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Thread: Teensy 4.0 vs PORTENTA H7

  1. #26
    Senior Member+ KurtE's Avatar
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    Wonder if some of this conversation should be back in the thread: https://forum.pjrc.com/threads/57842...res-amp-pinout

    And who needs more than 640K?

    As mentioned it may be exciting to program to use both processors. As mentioned earlier, FPU is probably different, but I can imagine lots of areas that may be different.
    Example: M4 supports bit-band access M7 does not... It will be interesting to see the differences in registers for different things like SPI or GPIO

  2. #27
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    Luni, did you ever read the german forum mikrocontroller.net?
    Oh my..., pretty much every thread there ends in a big bashing of somebody / something :-) Nowadays, I can only read it when I need to get rid of too much good mood :-) The only useful information I ever got out of it was this https://forum.pjrc.com/threads/38736...l=1#post142462 nice encoder algorithm which I still prefer over interrupt driven ones.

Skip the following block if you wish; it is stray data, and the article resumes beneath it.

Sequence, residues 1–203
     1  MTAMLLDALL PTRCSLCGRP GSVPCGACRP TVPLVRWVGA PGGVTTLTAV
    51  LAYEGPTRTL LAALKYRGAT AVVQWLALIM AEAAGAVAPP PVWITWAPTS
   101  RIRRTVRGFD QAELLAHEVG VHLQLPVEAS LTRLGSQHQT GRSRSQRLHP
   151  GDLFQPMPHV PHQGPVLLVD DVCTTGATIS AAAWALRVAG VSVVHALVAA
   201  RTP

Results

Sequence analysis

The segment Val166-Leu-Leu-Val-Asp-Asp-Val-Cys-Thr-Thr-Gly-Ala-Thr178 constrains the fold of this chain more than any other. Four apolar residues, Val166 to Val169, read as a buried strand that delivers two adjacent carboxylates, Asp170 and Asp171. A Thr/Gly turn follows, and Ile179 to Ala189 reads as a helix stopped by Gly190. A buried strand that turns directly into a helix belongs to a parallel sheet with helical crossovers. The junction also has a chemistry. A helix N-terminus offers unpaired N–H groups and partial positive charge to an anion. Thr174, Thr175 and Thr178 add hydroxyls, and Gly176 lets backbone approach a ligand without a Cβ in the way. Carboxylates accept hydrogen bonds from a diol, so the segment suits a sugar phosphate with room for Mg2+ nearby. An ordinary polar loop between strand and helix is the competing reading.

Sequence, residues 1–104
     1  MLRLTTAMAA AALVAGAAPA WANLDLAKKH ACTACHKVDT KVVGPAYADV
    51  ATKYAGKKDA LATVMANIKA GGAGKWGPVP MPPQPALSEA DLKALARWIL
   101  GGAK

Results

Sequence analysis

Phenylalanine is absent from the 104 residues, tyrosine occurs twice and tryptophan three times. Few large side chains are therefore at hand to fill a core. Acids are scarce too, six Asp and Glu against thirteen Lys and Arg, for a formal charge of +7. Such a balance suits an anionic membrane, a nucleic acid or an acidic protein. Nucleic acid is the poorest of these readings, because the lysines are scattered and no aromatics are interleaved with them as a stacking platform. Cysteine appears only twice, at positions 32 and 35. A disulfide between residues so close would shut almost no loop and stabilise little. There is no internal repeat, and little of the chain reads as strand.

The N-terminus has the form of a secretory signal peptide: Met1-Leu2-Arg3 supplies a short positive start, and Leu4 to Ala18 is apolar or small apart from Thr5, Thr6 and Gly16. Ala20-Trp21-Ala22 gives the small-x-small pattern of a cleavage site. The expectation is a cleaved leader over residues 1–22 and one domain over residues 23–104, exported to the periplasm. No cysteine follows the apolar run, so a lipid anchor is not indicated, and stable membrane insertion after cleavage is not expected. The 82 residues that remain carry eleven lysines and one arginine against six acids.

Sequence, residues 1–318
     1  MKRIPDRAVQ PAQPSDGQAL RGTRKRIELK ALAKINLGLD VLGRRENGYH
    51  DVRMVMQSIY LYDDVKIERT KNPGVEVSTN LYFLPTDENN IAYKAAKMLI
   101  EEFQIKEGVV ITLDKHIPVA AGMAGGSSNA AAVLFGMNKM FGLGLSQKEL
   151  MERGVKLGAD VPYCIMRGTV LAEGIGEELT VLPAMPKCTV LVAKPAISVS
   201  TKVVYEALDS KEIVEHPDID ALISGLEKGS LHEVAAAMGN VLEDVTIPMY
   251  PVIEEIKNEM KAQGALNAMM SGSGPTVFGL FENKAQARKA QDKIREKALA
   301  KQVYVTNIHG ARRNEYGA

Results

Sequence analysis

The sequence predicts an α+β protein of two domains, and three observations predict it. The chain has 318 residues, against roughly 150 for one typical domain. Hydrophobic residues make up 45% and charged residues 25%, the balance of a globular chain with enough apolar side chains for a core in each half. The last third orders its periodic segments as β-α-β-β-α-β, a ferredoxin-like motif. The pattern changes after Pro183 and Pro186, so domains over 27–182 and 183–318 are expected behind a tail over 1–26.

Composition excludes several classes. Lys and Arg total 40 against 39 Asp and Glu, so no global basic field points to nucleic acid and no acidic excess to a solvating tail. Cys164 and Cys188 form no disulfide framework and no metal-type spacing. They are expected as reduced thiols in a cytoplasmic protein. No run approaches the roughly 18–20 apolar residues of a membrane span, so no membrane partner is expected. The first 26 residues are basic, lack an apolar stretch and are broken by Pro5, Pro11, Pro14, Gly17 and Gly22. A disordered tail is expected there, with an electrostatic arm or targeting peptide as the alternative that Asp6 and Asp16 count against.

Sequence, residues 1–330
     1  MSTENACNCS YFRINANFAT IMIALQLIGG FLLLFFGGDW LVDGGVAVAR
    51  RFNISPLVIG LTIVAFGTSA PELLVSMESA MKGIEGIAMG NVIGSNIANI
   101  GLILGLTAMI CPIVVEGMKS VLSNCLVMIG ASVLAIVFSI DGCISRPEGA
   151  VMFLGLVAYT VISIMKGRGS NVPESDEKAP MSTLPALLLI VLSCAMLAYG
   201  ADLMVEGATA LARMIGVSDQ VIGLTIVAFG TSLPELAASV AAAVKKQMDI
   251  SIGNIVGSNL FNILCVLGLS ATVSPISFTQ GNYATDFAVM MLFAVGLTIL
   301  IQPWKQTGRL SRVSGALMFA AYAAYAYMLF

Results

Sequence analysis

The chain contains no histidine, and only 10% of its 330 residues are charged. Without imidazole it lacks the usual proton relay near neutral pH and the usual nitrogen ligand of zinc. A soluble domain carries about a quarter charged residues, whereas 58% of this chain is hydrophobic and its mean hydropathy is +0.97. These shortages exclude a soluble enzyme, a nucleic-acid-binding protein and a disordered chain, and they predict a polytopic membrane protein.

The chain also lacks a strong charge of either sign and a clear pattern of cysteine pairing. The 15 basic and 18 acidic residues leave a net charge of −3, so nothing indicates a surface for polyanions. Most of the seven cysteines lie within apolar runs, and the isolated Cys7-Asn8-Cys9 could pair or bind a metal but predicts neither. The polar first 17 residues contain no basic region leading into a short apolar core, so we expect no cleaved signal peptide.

3. #28
    Senior Member+ Frank B's Avatar
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    @Kurt:Very much fun, esp if they share the same periphals (over a bus?)
    I'm not that sure that that thing is made for Arduino or "bare metal".. If we don't want a RTOS, I fear we have to restrict some things, otherwise it will become unusable due to incompatible libs. More an more over the time..
    @Luni: yes... I remember some good algorithms from Peter Dannegger.

  4. #29
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    Quote Originally Posted by luni View Post
    Oh, somehow that reminds me of
    Maybe I should have specified that the comment came with an expiration date. I would never think use cases won't develop as people get more sophisticated hardware to read/control. But with most of the MCU's being an M0, or M4, or less, i think it will take time for the industry to catch up to the new hardware capabilities. That is, unless these MCU's really do become a hybrid device and with 64 MB of RAM and 128 MB of NAND flash on the board, it really could be that. I'm far more excited to see what the added RAM does for the MCU's than the actual MHZ of the core.